The smell of fishmeal was rancid, and the powdery substance was everywhere, adding a pale, dusty color to everything, and everytime my old gray typewriter typed, clouds of fishmeal powder rose from the keys. The kind, moustached director of the facility sat at a nearby desk. “They will smell you on the train when you return home,” he had explained. “Ignore them. This is a port city. This is what we do here.”
The director loved his job. He loved the industry of it all. The organization, the punctuality, the effort of work.
I found myself yearning for my lunch break, which I took early. I would walk out to the docks and stare at the water, looking for evidence of life; little fish or small aquatic bugs. To find something surprising, and alive.
My internship was a taste of the structure of work life that would come after college, and this is why there was a tinge of sadness I felt while crouched dockside: the idea that looking for critters in puddles was in my rearview mirror. The future was Bills of Lading, and typewriters.
I had been making friends in Bremen. There was my neighbor Kurt, who would stick his cigarette butts in his neighbor’s flower beds. “I am doing it so her flowers die! She is such a bitch!” There was Dirk and Otto, who would take me to the red light district in Hamburg, show me the old prostitutes in the windows, and lambast me repeatedly for my Americanisms, such as holding a paper coffee cup while walking.
I finally do find a laundromat, although its windows are facing the sun, and it’s burning up inside. I struggle to accomplish the simple task of getting our clothes in the washing units, confused by the payment system, surprised by how much of my German had vanished.
I left the laundromat in search of a water fountain — but instead I found an ice cream shop. Perfect. Two scoops, please, I said in German, I think. “Okay, so you are sure you want two scoops?” he said, looking concerned. In this heat, I could really use three. “No, you’re right, I should have three scoops.”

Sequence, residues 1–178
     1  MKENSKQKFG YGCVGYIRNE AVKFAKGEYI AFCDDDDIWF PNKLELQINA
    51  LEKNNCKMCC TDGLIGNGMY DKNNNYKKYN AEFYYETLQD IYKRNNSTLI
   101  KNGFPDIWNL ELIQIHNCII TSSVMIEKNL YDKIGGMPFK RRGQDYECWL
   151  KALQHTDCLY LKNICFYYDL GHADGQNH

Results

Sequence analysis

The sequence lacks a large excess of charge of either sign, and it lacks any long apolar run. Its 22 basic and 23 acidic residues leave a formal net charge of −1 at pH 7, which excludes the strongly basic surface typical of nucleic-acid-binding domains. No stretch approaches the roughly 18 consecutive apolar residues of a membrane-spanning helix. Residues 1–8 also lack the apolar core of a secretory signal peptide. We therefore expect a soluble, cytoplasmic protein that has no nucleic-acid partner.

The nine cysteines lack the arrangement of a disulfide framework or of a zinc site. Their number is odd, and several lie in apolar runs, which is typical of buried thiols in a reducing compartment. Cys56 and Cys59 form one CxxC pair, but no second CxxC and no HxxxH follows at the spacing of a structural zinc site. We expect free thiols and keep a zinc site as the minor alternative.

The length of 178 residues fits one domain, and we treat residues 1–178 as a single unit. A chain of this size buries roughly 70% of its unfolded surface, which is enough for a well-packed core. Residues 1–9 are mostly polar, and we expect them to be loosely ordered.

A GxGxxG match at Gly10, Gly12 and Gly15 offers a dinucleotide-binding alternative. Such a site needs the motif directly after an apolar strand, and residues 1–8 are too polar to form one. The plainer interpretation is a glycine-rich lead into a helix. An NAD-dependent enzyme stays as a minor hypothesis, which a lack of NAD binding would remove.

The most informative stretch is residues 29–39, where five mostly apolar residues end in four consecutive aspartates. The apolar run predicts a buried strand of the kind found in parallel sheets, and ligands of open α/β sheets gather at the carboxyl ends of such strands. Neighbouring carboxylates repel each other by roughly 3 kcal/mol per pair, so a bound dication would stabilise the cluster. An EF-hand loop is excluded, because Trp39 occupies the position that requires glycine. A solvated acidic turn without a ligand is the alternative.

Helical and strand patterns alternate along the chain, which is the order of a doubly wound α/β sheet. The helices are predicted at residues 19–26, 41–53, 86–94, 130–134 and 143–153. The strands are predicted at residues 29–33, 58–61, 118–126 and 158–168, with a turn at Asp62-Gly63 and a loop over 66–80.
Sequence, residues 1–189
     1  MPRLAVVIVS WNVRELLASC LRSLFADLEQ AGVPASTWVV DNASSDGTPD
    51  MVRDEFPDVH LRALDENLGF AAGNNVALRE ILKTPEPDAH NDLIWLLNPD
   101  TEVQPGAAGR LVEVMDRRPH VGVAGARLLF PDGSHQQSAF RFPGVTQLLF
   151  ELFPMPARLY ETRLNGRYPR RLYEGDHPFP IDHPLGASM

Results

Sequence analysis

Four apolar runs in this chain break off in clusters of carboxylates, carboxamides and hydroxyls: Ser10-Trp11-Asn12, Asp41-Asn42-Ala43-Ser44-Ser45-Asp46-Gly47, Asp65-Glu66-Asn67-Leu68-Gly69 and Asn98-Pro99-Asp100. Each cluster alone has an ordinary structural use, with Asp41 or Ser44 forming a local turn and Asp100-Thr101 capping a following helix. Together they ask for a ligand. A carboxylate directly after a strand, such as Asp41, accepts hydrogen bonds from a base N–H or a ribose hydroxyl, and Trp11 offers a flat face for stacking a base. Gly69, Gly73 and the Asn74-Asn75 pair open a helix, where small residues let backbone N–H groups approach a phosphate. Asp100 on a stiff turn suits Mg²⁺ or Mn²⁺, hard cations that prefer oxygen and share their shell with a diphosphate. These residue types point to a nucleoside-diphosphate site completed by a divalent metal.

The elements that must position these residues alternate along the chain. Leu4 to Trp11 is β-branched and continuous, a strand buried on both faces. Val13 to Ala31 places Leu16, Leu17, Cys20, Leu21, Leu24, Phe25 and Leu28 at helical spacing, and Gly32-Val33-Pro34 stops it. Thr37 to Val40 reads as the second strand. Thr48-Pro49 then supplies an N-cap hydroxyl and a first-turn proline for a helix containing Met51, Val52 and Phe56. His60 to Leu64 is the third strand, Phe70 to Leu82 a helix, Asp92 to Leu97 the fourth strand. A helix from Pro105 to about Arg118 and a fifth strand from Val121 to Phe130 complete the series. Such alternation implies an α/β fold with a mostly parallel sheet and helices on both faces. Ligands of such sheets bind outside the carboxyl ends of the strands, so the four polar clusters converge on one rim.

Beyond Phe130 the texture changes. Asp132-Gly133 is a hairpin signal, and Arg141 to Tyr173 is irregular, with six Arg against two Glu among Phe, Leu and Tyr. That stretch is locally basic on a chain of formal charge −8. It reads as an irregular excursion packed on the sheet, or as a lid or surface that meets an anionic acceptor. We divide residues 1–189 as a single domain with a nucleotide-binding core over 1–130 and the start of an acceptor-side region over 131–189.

“You mean like this?” the ice cream man said, wrapping his hand around an ice cream. “Yes! Yes!” I said, ravished and parched with heat.
When he handed me my ice cream, it was a single scoop wrapped in three layers of parchment paper, which was difficult to remove; the process of which caused the ice cream to partially fall apart and melt.
Hearing and seeing a language you used to speak helps bring it back, but it takes weeks, not days, to return.
Speicherstadt and the Miniatur Wunderland
Hamburg’s most sought after tourist draw is the multistory Miniatur Wunderland; a monstrous collection of tiny worlds on the scale of model trains in the Speicherstadt District of Hamburg.
Jane and I are taking our son and his cousin to see the museum, and getting there means walking across an endless variety of bridges and walkways. Walking toward the Speicherstadt District, through a rhapsody of sleek ultramodern constructions, historic timber-framed buildings and colonnaded streets, I cannot help but to be reminded of the many books, Youtube videos our son consumed as a child. Industrial scenes. Big trucks. Miniature railroads. Not only that, but his love for these young boy fantasies were often through a northern German lens. If he was watching a video of miniature construction trucks plying through dirt, it would have filmed in a place like a miniature model convention in a place like Berlin or Hannover; the adult filmmakers transfixed by their miniature world realistically depicting industry, progress, construction and efficiency.
Having leaned over my son’s shoulder through all those early years, the resemblance between those scenes and this northern German city are remarkable, and I think there is something to that—in work and play, northern Germans are captivated by the machinery of progress.